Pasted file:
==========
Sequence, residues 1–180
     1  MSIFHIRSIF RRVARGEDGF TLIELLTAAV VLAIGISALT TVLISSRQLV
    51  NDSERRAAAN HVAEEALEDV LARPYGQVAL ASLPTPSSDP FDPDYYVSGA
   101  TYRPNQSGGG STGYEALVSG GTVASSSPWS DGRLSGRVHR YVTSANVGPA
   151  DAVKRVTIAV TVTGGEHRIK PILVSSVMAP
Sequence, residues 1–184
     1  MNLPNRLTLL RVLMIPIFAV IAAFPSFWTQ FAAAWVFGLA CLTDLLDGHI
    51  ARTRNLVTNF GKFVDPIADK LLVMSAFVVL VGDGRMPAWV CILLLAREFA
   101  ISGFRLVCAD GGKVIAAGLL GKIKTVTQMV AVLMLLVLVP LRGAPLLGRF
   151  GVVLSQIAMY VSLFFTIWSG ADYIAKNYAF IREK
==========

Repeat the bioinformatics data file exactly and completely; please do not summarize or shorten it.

Sequence, residues 1–180
     1  MSIFHIRSIF RRVARGEDGF TLIELLTAAV VLAIGISALT TVLISSRQLV
    51  NDSERRAAAN HVAEEALEDV LARPYGQVAL ASLPTPSSDP FDPDYYVSGA
   101  TYRPNQSGGG STGYEALVSG GTVASSSPWS DGRLSGRVHR YVTSANVGPA
   151  DAVKRVTIAV TVTGGEHRIK PILVSSVMAP
Sequence, residues 1–184
     1  MNLPNRLTLL RVLMIPIFAV IAAFPSFWTQ FAAAWVFGLA CLTDLLDGHI
    51  ARTRNLVTNF GKFVDPIADK LLVMSAFVVL VGDGRMPAWV CILLLAREFA
   101  ISGFRLVCAD GGKVIAAGLL GKIKTVTQMV AVLMLLVLVP LRGAPLLGRF
   151  GVVLSQIAMY VSLFFTIWSG ADYIAKNYAF IREK